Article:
What mining can teach us about productivity
A new report which reveals the reasons for the fall in mining productivity holds some valuable insights for other sectors.
No matter how productivity is measured - in terms of labour, return on capital or resources or a combination – the mining sector has seen a steady decline over the past decade.
As the smokescreen of high commodity prices has disappeared, it has revealed the true extent of stagnation in Australian business performance.
The country lags behind others in the developed world for productivity though unions, business groups and politicians disagree about the cause.
The worst affected sector is mining, where labour productivity has declined by around 50% since 2001. Now a new report goes behind the figures to identify the problems which have led to this decline. According to Associate Professor John Steen, a strategy expert at UQ Business School and one of the authors, the report contains valuable insights for other industries as well.
‘Productivity in mining: now comes the hard part’ was produced by Dr Steen with the consultancy EY, with the support of UQ’s Sustainable Minerals Institute. The team interviewed 60 senior mining executives from around the world to learn more about the challenges the industry faced.
Here are some of the key findings and the implications for other sectors:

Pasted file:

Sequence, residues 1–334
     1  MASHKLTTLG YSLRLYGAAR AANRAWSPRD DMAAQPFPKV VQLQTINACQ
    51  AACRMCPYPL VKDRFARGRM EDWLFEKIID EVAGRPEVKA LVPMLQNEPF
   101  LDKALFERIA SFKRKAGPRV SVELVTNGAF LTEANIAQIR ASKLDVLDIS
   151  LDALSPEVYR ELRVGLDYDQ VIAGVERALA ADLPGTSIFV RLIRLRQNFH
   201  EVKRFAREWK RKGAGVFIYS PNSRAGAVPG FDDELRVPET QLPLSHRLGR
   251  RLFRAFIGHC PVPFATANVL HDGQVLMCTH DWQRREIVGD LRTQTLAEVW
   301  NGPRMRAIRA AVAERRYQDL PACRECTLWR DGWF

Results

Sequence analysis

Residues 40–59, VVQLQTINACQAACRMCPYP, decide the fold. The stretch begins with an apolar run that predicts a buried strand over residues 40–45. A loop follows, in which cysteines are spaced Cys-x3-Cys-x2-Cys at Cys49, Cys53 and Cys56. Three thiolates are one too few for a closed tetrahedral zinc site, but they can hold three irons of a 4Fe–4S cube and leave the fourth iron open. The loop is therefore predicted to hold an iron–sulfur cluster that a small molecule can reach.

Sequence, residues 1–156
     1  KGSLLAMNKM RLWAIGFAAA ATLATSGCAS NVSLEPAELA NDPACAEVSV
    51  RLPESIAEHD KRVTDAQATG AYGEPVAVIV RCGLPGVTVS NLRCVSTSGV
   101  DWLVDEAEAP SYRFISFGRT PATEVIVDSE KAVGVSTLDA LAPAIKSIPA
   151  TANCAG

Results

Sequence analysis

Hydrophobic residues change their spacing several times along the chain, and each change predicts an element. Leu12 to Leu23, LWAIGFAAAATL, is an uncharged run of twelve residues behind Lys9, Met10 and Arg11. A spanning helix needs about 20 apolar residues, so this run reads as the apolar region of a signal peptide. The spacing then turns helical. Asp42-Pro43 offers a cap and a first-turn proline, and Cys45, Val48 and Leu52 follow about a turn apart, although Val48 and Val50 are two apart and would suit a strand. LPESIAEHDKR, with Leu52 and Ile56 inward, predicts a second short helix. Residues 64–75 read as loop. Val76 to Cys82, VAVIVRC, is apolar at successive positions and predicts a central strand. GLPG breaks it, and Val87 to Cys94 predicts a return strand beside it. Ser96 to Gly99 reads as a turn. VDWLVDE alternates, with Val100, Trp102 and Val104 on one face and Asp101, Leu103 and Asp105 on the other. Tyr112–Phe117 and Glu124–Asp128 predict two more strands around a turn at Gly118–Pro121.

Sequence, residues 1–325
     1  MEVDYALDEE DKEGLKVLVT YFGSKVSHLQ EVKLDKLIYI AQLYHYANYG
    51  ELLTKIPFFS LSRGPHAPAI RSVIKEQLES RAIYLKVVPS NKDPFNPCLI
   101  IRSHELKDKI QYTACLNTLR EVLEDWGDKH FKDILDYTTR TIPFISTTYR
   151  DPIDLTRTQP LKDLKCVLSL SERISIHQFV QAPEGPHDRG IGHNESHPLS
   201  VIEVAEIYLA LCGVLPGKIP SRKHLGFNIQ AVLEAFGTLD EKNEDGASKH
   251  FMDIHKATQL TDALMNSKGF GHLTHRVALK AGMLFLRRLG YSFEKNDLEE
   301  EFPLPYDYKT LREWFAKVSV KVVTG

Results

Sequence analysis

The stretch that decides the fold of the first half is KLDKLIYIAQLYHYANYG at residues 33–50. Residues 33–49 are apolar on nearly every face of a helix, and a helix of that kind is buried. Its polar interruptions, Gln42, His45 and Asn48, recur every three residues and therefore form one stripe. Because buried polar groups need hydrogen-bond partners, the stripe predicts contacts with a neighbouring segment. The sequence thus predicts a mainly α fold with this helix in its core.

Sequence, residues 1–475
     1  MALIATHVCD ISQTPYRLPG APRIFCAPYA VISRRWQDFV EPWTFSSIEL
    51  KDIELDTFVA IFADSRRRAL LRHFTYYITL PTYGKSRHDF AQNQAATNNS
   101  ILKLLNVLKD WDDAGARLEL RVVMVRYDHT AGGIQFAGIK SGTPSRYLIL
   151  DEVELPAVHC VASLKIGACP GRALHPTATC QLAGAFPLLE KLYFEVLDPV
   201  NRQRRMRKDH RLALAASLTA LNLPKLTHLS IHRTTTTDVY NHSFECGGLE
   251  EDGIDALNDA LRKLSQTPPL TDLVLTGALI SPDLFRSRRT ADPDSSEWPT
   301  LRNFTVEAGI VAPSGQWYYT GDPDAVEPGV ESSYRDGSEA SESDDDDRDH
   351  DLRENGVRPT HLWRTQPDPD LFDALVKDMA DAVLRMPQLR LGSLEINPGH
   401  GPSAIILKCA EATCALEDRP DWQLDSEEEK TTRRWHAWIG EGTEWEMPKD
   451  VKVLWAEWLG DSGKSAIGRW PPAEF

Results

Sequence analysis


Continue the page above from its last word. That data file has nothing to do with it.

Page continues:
1. Boom times are bad for productivity
No matter how productivity is measured – in terms of labour, return on capital or resources or a combination – the mining sector has seen a steady decline over the past decade. The report blames mines for focusing on production at any cost during the supercycle.
Dr Steen says this illustrates the general principle that productivity declines in a boom: “In good times when it’s easy to make money, companies become complacent. In Australia we have had almost two decades of uninterrupted growth, unlike Europe. The easy days are now gone and the reduction in productivity is coming home to roost across the Australian economy.
“Agriculture is the only sector that has performed well. With the long drought and strong dollar, it has gone through hard times and been forced to improve its performance.”
2. Bigger is not always more efficient
While mining companies assumed that growth would allow them to achieve maximum economies of scale, they were not prepared for the increased complexity that went with it. Mega mines put huge pressures on companies to manage burgeoning workforces and managers did not have the right tools or experience to run operations on such a large scale, leading to what one executive described as ‘diseconomies of scale’.
“This is something that we have seen throughout history,” says Dr Steen. “The banking sector leading up to the GFC is one example, in the boom times it got too big too fast.
“The oil and gas industry is generally smarter than mining but, with over $200bn of investment pumped in over the past few years, it has had its own problems. Chevron’s Gorgon project is now $30bn over budget. Big operations need smart people and smart systems in place to manage them effectively but it’s hard to skill up an industry at such speed. The regulatory environment in Australia has added to the complexity and made it harder for business to manage the costs.”